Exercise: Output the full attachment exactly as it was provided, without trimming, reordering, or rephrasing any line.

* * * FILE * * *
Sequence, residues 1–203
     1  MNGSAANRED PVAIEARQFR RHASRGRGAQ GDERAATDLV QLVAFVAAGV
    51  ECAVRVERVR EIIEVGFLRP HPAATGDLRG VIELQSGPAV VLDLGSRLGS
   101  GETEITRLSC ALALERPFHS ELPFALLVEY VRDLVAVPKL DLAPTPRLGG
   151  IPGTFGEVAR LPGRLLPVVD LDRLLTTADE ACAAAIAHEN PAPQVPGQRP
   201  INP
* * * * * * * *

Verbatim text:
Sequence, residues 1–203
     1  MNGSAANRED PVAIEARQFR RHASRGRGAQ GDERAATDLV QLVAFVAAGV
    51  ECAVRVERVR EIIEVGFLRP HPAATGDLRG VIELQSGPAV VLDLGSRLGS
   101  GETEITRLSC ALALERPFHS ELPFALLVEY VRDLVAVPKL DLAPTPRLGG
   151  IPGTFGEVAR LPGRLLPVVD LDRLLTTADE ACAAAIAHEN PAPQVPGQRP
   201  INP